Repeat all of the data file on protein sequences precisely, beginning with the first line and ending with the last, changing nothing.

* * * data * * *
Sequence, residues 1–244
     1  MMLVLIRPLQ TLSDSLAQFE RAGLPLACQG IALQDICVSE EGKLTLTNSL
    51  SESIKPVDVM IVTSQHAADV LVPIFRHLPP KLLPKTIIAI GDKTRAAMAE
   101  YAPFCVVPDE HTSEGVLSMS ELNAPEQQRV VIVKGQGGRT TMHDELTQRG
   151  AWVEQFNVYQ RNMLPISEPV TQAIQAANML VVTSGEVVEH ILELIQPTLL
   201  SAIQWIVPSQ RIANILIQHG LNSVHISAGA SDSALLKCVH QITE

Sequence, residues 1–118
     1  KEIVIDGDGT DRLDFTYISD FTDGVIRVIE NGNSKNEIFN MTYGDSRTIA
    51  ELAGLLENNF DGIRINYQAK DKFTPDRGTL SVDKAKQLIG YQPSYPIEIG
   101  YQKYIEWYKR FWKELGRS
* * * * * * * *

Sequence, residues 1–244
     1  MMLVLIRPLQ TLSDSLAQFE RAGLPLACQG IALQDICVSE EGKLTLTNSL
    51  SESIKPVDVM IVTSQHAADV LVPIFRHLPP KLLPKTIIAI GDKTRAAMAE
   101  YAPFCVVPDE HTSEGVLSMS ELNAPEQQRV VIVKGQGGRT TMHDELTQRG
   151  AWVEQFNVYQ RNMLPISEPV TQAIQAANML VVTSGEVVEH ILELIQPTLL
   201  SAIQWIVPSQ RIANILIQHG LNSVHISAGA SDSALLKCVH QITE

Sequence, residues 1–118
     1  KEIVIDGDGT DRLDFTYISD FTDGVIRVIE NGNSKNEIFN MTYGDSRTIA
    51  ELAGLLENNF DGIRINYQAK DKFTPDRGTL SVDKAKQLIG YQPSYPIEIG
   101  YQKYIEWYKR FWKELGRS